White River’s roadless areas gain protection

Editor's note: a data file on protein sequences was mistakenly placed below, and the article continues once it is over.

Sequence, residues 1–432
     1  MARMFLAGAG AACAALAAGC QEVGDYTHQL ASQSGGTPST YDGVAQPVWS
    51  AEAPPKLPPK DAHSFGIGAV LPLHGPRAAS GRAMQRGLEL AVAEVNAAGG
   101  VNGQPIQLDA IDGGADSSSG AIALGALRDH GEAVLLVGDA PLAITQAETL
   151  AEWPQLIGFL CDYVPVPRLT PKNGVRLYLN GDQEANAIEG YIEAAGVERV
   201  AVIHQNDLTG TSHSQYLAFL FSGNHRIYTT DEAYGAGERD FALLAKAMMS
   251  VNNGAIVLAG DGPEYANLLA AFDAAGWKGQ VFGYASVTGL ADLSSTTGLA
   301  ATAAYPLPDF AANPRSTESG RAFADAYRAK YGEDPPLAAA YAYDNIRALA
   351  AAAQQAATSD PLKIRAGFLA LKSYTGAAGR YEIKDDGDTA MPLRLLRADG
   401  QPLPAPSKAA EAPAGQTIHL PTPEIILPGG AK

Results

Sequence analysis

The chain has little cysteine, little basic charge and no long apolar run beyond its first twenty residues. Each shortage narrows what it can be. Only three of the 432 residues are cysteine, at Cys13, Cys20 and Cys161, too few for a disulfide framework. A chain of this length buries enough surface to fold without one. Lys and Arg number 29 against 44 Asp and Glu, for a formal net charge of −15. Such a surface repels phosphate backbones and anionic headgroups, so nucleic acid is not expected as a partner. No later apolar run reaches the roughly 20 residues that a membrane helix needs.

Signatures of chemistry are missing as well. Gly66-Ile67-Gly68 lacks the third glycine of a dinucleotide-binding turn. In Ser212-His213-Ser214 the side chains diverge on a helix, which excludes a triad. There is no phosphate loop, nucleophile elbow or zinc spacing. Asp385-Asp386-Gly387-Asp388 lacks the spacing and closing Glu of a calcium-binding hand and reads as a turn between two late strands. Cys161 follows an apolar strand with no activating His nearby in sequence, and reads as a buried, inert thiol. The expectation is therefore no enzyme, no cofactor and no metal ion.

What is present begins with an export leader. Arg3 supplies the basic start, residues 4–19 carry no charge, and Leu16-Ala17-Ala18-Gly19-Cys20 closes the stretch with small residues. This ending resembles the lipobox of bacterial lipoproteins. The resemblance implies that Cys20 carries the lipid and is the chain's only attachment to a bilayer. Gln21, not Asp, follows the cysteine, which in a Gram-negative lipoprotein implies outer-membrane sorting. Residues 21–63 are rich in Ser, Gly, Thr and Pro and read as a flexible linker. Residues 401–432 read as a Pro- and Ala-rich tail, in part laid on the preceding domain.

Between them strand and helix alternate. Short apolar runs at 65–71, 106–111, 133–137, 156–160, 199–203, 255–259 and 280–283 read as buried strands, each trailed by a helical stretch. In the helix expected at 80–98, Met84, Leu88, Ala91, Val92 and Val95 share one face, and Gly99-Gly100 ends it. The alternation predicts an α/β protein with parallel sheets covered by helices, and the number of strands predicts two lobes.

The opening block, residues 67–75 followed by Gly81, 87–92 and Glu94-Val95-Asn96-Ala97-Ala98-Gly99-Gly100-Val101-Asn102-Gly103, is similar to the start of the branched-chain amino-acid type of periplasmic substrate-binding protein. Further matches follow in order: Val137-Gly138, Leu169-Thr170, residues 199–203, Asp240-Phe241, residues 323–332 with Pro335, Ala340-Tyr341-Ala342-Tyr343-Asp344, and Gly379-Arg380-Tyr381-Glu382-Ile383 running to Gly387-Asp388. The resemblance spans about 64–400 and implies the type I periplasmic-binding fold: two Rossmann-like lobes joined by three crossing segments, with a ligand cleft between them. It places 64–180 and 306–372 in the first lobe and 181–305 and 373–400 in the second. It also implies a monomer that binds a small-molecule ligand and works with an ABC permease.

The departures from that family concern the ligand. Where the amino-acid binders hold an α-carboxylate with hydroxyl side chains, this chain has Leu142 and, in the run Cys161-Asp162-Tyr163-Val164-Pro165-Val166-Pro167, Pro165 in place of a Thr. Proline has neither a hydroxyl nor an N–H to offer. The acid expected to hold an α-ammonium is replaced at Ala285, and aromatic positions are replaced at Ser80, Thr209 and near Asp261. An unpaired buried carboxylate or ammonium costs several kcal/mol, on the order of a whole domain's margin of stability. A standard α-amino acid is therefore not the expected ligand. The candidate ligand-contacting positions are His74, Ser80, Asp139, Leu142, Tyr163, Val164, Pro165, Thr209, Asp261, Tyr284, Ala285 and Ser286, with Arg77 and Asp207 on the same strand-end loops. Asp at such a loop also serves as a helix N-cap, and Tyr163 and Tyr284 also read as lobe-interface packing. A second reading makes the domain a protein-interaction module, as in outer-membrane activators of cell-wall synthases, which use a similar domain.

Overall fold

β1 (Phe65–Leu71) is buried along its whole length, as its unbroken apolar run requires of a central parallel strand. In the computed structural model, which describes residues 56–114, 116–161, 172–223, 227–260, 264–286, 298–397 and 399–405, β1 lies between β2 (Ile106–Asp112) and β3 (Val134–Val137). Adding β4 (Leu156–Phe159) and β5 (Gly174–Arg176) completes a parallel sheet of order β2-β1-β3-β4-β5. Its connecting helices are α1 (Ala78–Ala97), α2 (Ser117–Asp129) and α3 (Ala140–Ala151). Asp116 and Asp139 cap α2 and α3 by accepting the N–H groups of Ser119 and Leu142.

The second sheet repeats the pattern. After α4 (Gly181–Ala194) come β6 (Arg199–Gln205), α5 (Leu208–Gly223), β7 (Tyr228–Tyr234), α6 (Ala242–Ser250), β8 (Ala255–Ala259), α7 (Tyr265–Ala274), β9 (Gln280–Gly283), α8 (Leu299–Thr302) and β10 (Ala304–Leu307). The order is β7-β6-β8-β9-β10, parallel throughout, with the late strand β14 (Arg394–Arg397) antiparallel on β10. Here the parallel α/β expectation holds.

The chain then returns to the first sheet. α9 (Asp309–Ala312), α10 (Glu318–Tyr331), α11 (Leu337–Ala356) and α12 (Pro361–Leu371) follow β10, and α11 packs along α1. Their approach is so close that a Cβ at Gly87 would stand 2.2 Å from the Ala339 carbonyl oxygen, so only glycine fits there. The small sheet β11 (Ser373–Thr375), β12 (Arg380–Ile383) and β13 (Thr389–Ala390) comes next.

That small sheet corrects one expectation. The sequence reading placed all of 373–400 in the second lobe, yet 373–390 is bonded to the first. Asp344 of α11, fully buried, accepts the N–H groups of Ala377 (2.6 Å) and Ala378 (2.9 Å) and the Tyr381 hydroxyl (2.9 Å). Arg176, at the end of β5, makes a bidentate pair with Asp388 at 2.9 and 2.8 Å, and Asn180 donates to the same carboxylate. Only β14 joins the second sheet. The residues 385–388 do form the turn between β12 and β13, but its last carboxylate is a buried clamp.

Some of the only public lands in the Roaring Fork Valley leased for natural gas exploration have received an extra layer of protection, according to conservationists.A federal judge in California ruled last week that roadless lands within national forests cannot be leased for natural gas drilling unless there is no disturbance to the surface.The federal government has sold numerous leases in roadless areas of the White River National Forest to gas companies since 2001. In some cases, there was a condition for no surface disturbance. In other cases, no such condition existed.Some leases in the Thompson Creek area southwest of Carbondale allowed surface disturbance, according to Sloan Shoemaker, executive director of Wilderness Workshop, a Carbondale-based conservation group. Conservationists objects because gas exploration could destroy roadless qualities.Shoemaker applauded the judge’s decision: “The roadless areas are going to remain intact,” Shoemaker said.Conservation groups are researching how many leases will be affected in the White River and other national forests in Colorado. The White River, which surrounds Aspen, has 640,000 acres of inventoried roadless areas, including 109,000 in Pitkin County. That doesn’t include wilderness lands, which have special protection from all mechanized activities.Even with the new ruling, a company can still pursue gas extraction in roadless areas but must undertake procedures like directional drilling, where wells are drilled from pads outside the roadless areas.In some cases, Shoemaker said, that will force the companies that acquired the leases to reconsider operations. It may be too expensive for them to pursue the gas with a condition for no surface occupancy or disturbance, he said. In those cases, leases may be withdrawn. The same judge who made last week’s ruling also ruled on Sept. 20 that President Bush must reinstate the roadless rule President Clinton enacted before he left office. The 2001 Roadless Rule prohibited activities like drilling for gas, mining and building new roads on about 58.5 million acres of roadless land managed by the U.S. Forest Service.President Bush eased roadless restrictions shortly after he took office and rescinded Clinton’s roadless rule in 2005.When the Clinton roadless rule was reinstated this fall, the Bush administration interpreted that to mean no new activities could be undertaken in roadless areas, but that decisions made between 2001 and the ruling could stand.Conservation groups countered that the ruling was retroactive – no activity should have been approved in roadless areas throughout Bush’s tenure.U.S. Magistrate Judge Elizabeth LaPorte’s ruling says roadless lands should have been managed as though the Clinton roadless rule was always in place.Scott Condon’s e-mail address is email@example.comThe Aspen Times, Aspen, Colo.
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